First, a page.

New name, same bad ideas: Democrats introduce union wish list

New name, same bad ideas: Democrats introduce union wish list
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Democrats in Congress are again pushing a wish list for union leaders at the expense of workers, small businesses and freedom of choice. On May 2, Rep. Bobby ScottRobert (Bobby) Cortez ScottTop Trump health official warned against controversial ObamaCare changes in private memo Top Trump health official warned against controversial ObamaCare changes in private memo Centrist Democrats raise concerns over minimum wage push MORE (D-Va.), chairman of the House Education and Labor Committee, introduced the Protecting the Right to Organize (PRO) Act of 2019.

The stated purpose of the legislation is “to strengthen protections for employees engaged in collective bargaining,” but the result would be less freedom and fewer jobs for workers. It would, however, increase the union share of the workforce and, thus, increase union coffers.

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Here are just a few examples of how that would work.

The most egregious provision of the PRO Act seeks to allow unions to get workers fired if they choose not to pay them. The act removes from states their ability to enact right-to-work laws, thus forcing private sector workers in the 27 states with these laws to start paying unions against their will.

The PRO Act also expands the list of workers that unions can organize and allows them almost unfettered access to their targets.

The PRO Act curtails workers’ ability to be independent contractors, upending one of the fastest-growing segments of the modern workforce. It would stifle employment innovation simply so workers can be shoehorned into traditional union organizing models and unions can try to organize them.

If a union does try to organize a company, the bill would put into law a controversial action by the Obama administration to give employers only two days to give unions information on their employees and vastly speed up the union election process.

Worse for employees, employers would have to hand over more than simply their names and contact information at the workplace. The legislation would force the employer to hand over employee “home addresses, …  and, if available to the employer, personal landline and mobile phone numbers, and work and personal email addresses.”

Once a union has the list of employees and all their information, there is nothing that would require the information be kept private or prevent the unions from using it for purposes other than collective bargaining. For example, nonprofits can rent their list of donors, members and others to make money. Employee information, then, could be sold to political action committees, other unions or other nonprofits. Employees may see an increase in marketing emails, phone calls and mail.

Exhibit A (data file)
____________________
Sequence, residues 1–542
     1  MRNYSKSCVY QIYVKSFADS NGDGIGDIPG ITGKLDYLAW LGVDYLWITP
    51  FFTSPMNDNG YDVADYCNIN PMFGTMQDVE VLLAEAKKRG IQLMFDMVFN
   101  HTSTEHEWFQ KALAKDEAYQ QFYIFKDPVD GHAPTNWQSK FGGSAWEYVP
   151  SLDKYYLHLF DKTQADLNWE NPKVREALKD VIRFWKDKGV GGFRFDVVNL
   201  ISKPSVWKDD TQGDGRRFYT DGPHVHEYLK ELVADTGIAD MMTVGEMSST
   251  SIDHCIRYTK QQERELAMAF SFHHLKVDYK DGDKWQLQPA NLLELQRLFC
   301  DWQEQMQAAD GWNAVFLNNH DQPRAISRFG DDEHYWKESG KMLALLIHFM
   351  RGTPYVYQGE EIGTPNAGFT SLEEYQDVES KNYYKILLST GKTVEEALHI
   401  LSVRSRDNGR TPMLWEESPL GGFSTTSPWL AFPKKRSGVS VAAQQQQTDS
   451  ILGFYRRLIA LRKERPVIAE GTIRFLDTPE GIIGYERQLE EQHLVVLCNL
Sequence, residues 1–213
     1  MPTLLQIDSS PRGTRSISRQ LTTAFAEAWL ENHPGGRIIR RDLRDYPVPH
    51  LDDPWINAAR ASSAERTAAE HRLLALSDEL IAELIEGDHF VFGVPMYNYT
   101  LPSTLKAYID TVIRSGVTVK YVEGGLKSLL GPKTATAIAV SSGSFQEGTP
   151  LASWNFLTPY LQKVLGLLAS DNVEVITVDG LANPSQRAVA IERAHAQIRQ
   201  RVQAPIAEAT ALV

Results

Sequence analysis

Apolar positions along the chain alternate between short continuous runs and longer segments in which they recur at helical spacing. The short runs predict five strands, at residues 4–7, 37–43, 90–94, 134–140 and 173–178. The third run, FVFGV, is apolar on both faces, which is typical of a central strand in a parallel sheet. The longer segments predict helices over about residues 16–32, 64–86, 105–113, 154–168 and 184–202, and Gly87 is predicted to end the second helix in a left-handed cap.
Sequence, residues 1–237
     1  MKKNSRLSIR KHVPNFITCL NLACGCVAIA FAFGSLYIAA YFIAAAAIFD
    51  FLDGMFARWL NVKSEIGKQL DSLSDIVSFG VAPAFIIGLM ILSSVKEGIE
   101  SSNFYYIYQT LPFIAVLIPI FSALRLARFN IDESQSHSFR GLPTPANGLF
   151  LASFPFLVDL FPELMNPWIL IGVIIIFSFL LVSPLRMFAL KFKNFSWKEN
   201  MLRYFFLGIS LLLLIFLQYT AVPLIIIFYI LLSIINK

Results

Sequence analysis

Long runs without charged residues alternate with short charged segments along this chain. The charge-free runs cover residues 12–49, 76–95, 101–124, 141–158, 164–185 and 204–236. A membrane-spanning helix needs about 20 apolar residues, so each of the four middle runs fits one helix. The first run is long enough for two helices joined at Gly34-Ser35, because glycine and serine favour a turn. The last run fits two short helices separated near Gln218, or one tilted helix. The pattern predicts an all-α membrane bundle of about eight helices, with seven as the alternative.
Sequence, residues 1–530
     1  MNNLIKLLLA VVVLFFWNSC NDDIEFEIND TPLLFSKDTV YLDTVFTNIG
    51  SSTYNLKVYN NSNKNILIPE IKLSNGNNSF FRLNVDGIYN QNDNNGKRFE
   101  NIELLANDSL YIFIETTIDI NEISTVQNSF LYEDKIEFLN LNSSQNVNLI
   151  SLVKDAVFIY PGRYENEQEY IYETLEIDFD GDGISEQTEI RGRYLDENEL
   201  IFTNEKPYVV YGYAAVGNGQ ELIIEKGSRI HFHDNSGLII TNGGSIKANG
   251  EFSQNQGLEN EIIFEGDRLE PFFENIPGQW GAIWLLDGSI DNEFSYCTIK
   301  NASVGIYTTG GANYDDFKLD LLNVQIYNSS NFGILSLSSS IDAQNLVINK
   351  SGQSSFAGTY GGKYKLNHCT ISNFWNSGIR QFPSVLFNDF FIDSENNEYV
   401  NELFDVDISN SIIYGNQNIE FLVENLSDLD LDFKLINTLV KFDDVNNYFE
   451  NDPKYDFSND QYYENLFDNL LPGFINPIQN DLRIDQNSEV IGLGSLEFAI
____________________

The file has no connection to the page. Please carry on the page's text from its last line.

The PRO Act makes it illegal for an employer and employees to voluntarily agree to settle certain employment claims out of court and with an arbitrator. There is one exception, however: The provision does not apply if the employee is under a union contract. In other words, individual employees and employers are not allowed to reach an agreement, but a union can manage to waive the rights of all the employees it represents.

In an even more brazen show of hypocrisy, while the act limits the rights of individual employees to go into arbitration it actually allows unions to force employers into the process. If a union organizes a company but then does not reach an agreement in a short time, it can start a process that eventually leads to … wait for it … forced arbitration. An arbitrator then can write a two-year contract and lock the company into the terms.

The PRO Act also would put into statute another controversial Obama-era rule that made small mom-and-pop franchise owners “joint employers” with their franchisors. The idea is that, instead of having to go from small business to small business to organize workers, the union can simply go to one large franchise corporation and essentially do a one-stop organizing drive. Again, the legislation streamlines the process to add new (forced-dues-paying) members.

The joint employer provision adds undue burdens and takes away the freedom and entrepreneurship that makes these small businesses thrive and gives millions of people jobs.

All these provisions would result in less freedom and fewer jobs for workers, and increase the regulatory burden on small businesses — the backbone of the U.S. economy.

Workers should be given the opportunity to freely choose whether to join and pay a union. Workers should be in control of when and how their private information is shared with groups and organizations. When it comes to the terms and conditions of their employment, workers should have more say, not less. Small businesses should be freed from regulatory burdens so that they and their employees can flourish.

The PRO Act is not only pro-forced unionization, it is anti-worker and anti-freedom.

F. Vincent Vernuccio is a senior fellow at the Mackinac Center for Public Policy, a nonprofit institute in Midland, Mich., that advances the principles of free markets and limited government. Morgan Shields is legal counsel and director of Workers for Opportunity at the Mackinac Center. Follow on Twitter @MackinacCenter.